I am currently studying for the SAT II Writing Test and use Strunk and White's The Elements of Style as a reference. This book declares that "a common blunder is the use of a singular verb form in a relative clause following "one of..." or a similar expression when the relative is the subject." The books claims that the following example is incorrect:

One of the ablest men who has attacked this problem...

That instead, the sentence should be corrected to:

One of the ablest men who HAVE attacked this problem...

I have always been under the impression that when using "one" followed by a prepositional phrase, the "one" is the subject and should have a singular verb, similar to using a singular verb after "each of the dogs" or "none of the flowers".

In my SAT II Writing book by Kaplan, the following sentence appeared:

"The recent discovery that at least one of the Jupiter's moons possesses an internal heat source has led to speculation that there may be life elsewhere in our solar system."

If the grammar rule in Strunk and White's book is correct, shouldn't the verb possesses be corrected to possess? However, my book asserts that there is no error in the sentence.

I am very confused! Who is correct?

One more question: Is the clause "number of immigrants" singular or plural? My SAT II book says that "number" is plural and a sentence would be "A number of immigrants FIND". I had always assumed number was singular...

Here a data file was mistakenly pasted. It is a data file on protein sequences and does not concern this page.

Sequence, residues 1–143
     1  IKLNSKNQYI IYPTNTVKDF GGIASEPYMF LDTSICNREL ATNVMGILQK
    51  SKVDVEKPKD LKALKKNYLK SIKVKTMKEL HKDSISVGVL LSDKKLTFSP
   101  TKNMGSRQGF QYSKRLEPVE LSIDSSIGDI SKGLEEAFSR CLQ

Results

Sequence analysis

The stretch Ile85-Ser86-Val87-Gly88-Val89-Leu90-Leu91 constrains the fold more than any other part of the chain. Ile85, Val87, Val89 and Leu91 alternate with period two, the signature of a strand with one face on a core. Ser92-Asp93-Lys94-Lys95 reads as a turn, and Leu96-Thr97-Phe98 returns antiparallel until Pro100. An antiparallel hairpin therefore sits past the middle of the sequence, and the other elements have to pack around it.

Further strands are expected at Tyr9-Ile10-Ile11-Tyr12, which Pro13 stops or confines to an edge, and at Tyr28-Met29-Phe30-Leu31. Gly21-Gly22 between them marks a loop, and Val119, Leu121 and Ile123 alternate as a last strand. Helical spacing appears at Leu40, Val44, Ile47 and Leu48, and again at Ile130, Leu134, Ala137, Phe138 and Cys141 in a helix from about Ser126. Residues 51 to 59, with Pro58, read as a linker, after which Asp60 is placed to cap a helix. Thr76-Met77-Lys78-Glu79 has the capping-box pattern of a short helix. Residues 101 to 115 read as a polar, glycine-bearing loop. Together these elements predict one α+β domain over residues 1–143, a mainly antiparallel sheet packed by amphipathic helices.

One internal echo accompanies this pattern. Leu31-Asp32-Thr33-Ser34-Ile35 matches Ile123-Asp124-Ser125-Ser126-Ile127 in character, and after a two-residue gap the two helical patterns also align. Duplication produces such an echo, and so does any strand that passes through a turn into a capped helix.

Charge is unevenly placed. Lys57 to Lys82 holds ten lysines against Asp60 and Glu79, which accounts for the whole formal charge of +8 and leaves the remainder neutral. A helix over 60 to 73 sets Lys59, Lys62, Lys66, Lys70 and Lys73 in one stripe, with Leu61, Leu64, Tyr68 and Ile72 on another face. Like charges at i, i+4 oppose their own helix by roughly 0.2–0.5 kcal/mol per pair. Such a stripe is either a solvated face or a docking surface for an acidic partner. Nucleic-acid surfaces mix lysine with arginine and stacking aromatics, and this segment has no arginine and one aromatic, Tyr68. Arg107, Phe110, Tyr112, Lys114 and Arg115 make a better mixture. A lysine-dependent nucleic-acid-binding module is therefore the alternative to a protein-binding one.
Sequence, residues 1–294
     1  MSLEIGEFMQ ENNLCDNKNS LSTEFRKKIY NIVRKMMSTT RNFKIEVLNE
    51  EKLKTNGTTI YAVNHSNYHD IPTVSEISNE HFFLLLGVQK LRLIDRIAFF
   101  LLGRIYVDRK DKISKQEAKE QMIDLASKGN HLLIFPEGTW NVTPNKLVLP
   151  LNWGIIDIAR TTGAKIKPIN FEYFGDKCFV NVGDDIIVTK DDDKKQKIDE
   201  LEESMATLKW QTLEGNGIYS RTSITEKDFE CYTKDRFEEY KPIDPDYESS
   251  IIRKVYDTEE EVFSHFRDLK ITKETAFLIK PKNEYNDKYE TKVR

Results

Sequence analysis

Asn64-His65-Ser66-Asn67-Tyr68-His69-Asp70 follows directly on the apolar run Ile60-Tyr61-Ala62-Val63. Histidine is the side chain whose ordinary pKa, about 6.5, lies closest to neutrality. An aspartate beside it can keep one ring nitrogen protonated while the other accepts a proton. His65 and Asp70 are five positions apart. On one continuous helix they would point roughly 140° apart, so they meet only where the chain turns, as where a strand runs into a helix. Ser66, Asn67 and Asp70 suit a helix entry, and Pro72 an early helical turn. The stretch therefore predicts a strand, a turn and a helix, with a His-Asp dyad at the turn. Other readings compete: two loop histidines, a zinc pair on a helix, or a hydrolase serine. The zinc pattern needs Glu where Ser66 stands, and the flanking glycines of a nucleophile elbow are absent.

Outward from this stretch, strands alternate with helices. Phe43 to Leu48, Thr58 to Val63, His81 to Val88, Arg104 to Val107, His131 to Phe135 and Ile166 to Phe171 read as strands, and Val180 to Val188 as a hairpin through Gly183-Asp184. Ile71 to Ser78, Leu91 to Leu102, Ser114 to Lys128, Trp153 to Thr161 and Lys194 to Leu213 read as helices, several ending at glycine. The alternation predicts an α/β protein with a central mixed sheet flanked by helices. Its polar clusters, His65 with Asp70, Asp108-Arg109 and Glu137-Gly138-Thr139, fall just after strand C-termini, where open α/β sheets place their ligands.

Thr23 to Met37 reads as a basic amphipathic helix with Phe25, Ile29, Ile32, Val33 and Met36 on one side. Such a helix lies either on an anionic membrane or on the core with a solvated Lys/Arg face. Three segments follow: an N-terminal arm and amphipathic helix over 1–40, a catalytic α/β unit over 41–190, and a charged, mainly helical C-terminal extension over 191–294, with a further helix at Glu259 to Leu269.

Please provide some insight into this question! I cannot seem to find an answer anywhere. Thank you!

Source of Question, Date of Response
Fayetteville, North Carolina # Fri, Jul 11, 2003
Grammar's Response

You can usually sort out a "one of _____" subject-verb dilemma by turning the sentence inside out. We would say "Of the ablest men who have attacked this problem, he is one … " The "who" refers to the plural "men" so it needs a plural verb, "have." It's not quite the same as "each of the dogs," which would always be singular, or "none of the flowers," which could be either singular or plural (but is probably plural). In the sentence about Jupiter, the "one" is modified by "at least," which is going to make it singular (so the "possesses" is correct).

Your SAT book doesn't go far enough about "number": "A number" is always plural; "the number" is always singular. "The number of students voting for the NCAA has risen sharply," but "A number of students are waiting in the president's office."


Would you say "After the project is complete,..." or "After the project is completed,..."? Or can you even use a past participle with "is"? Maybe it should be "Once the project has been completed,..."?? I like "is complete" but am unable to defend it. How would I look this up in a style manual? Context: the time frame for what's being discussed starts with the completion of a project and lasts indefinitely.

Source of Question, Date of Response
Austin, Texas # Sun, Jul 13, 2003
Grammar's Response

"Completed" would mean "done" or "finished," which is probably what you mean. "Complete" would suggest that all the pieces of the project have been assembled or brought together, which is possible, but probably not what you mean. Your description of the context as something that "starts with the completion and lasts indefinitely" sounds like the addition we're putting on the back of our house.


I have seen the conjunction pair not only/but also written as not only/but (also). I think 'also' cannot be optional. Please consider the following two sentences:

  1. Sinus infections demand treatment not only because they are painful but because they can spread.
  2. The medium chosen by the artist is a reflection not only of the artist's perception of aesthetic beauty but of resources that society has to supply.